But in a confusing turn of events, Governor Cuomo presented himself as the poster-child for the brand new Women’s Equality Party [WEP]. The Working Families Party was miffed, calling the move unnecessary. WFP co-chair Karen Scharff said, “Women are actually the vast majority of voters in New York State, and I don’t think we should be pigeonholed in a separate party… It’s great to have a women’s equality campaign message, but what actually matters to New Yorkers is passing a Women’s Equality Act. The only way that passes is if we elect a Democrat-Working Families majority to the state Senate.”
Why should you care? When it comes down to it, it doesn’t really matter because it’s the same dude running for office, but he seems to be exploiting the women’s equality thing for his own benefit, and weakening the WFP, which has a successful progressive, pro-labor history. It just seems kinda sketch. To stay on the ballot, the Working Families Party needs 50,000 people to vote under its party line. If many of its potential voters are women (likely), then Cuomo’s little charade will do major damage. Running against Cuomo/Hochul is Republican Rob Astorino and his running mate Chris Moss, two pro-life white male Republicans. So, I’ll just leave it at that.
The Attorney General is the chief legal officer of the State of New York, and the head of the Department of Law. This person gets the bad guys. Our last two Attorney Generals were subsequently elected Governor, so like, it’s important. Our current Attorney General is Democrat and former state Senator Eric Schneiderman. He’s a big anti-corruption guy who told Donald Trump to take a hike and filed a lawsuit against companies who “astroturf” — write fake online reviews for themselves. He also pushed for fraud settlements with big banks involved in illegal foreclosures. Word on the street is Schneiderman supports the Women’s Equality Act, and has issued subpoenas against anti-choice “Crisis Pregnancy Centers” masquerading as health clinics without employing any licensed physicians or nurses.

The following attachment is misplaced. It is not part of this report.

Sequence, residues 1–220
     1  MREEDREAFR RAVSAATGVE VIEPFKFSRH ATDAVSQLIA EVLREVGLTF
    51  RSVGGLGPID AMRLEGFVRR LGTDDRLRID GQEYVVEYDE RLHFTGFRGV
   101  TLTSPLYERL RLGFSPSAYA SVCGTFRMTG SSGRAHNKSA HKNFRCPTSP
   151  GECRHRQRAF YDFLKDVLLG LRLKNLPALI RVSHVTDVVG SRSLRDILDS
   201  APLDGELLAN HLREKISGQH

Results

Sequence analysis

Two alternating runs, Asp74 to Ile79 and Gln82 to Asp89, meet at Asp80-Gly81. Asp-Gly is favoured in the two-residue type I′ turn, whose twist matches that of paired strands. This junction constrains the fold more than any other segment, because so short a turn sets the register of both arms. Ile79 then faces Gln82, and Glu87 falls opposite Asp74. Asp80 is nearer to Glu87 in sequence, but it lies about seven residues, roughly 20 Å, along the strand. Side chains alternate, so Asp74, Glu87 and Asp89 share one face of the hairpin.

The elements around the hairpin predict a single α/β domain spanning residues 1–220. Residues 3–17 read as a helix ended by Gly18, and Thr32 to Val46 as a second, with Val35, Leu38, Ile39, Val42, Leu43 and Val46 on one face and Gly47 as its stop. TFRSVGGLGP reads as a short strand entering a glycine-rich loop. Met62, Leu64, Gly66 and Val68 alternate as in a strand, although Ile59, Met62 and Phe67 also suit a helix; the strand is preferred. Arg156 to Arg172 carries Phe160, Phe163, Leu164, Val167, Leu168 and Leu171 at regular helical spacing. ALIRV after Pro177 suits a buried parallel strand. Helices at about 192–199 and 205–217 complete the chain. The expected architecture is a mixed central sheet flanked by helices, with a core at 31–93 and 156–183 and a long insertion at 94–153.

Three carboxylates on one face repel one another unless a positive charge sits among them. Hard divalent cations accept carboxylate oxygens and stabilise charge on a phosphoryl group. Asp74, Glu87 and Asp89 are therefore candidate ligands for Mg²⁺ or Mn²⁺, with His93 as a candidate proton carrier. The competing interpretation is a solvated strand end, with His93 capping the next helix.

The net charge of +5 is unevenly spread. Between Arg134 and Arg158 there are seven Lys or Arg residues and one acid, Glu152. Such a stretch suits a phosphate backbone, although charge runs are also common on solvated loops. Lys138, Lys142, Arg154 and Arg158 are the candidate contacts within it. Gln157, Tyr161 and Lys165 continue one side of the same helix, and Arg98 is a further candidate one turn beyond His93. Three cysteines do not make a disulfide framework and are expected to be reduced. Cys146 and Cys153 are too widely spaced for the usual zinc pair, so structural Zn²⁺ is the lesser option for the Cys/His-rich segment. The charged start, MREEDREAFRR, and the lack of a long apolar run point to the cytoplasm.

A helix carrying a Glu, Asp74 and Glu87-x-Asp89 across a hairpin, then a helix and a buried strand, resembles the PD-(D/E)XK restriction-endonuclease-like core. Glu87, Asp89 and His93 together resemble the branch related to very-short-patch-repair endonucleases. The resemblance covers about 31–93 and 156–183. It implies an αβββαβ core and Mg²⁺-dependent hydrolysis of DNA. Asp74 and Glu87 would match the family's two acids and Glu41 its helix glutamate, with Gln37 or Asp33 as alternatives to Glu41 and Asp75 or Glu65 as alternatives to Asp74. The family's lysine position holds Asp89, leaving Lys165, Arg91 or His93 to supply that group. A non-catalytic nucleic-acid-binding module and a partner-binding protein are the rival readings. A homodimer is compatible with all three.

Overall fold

Running against Schneiderman are Republican John Cahill, Libertarian Carl E. Person (y’know, just your plain ol’ average human who is totally a person and not a robot), and Ramon Jiminez of the Green Party. Cahill wants to beef up drug laws, and just released a five-point plan to go after heroin trafficking in New York. He has also been criticized by Democrats and Women’s groups for being “anti-choice”, though representatives for Cahill have denied this accusation. Person is a lawyer who ran for mayor last year. But for real, that’s all I can find about this guy. Maybe it wouldn’t be so bad having a sentient robot run our justice system, but again, this man is definitely a person and not a robot. Jiminez is a lawyer and community activist from the Bronx. He is concerned with corruption, white-collar crime, and “corporate welfare,” but is also running on a platform to end Stop-and-Frisk, and abolish solitary confinement. However, there isn’t much about him in the media. Unsurprisingly, this is pretty much a race between Schneiderman and Cahill.
Supreme and Civil Court Justices
In New York State we also elect NY Supreme and Civil Court Justices. This is controversial because they are supposed to be unbiased, fair and balanced. A popular vote could result in the election of some pretty biased folks. Depending on where you live, your ballot is going to look significantly different than your friend across town. One or more political party endorses each judicial candidate, so your best bet is to vote for the judges who belong to the party closest to your heart.
Congressional and Senate Seats
There are also some Congressional and Senate seats open. Use this list from the Feminist Majority PAC to help guide your decision come November 4th. If you don’t see any of your candidates on this list, you might find information about your representatives at Emily’s List. Both FMPAC and Emily’s List endorse candidates who have a record of being progressive and pro-choice.
You can use the same guidelines when researching your State Senators and Assemblypersons. So basically, the State Senate and Assembly are our statewide of Congress. In New York, we are trying to get the Women’s Equality Act passed, and electing candidates who support this kind of legislature means putting more influential feminists closer to the top. For more in-depth information on pro-LGBTQ candidates in your area, you can refer to the handy-dandy candidate guide put out by PrideAgenda.org who also has tips for trans voters. If you want to know who your candidates are, most cities and towns have made sample ballots available to voters. You can also input your information at Voter411.org to get everything from poll-site information to the candidates on your ballot.
Proposal Number 1, an Amendment: Revising State’s Redistricting Procedure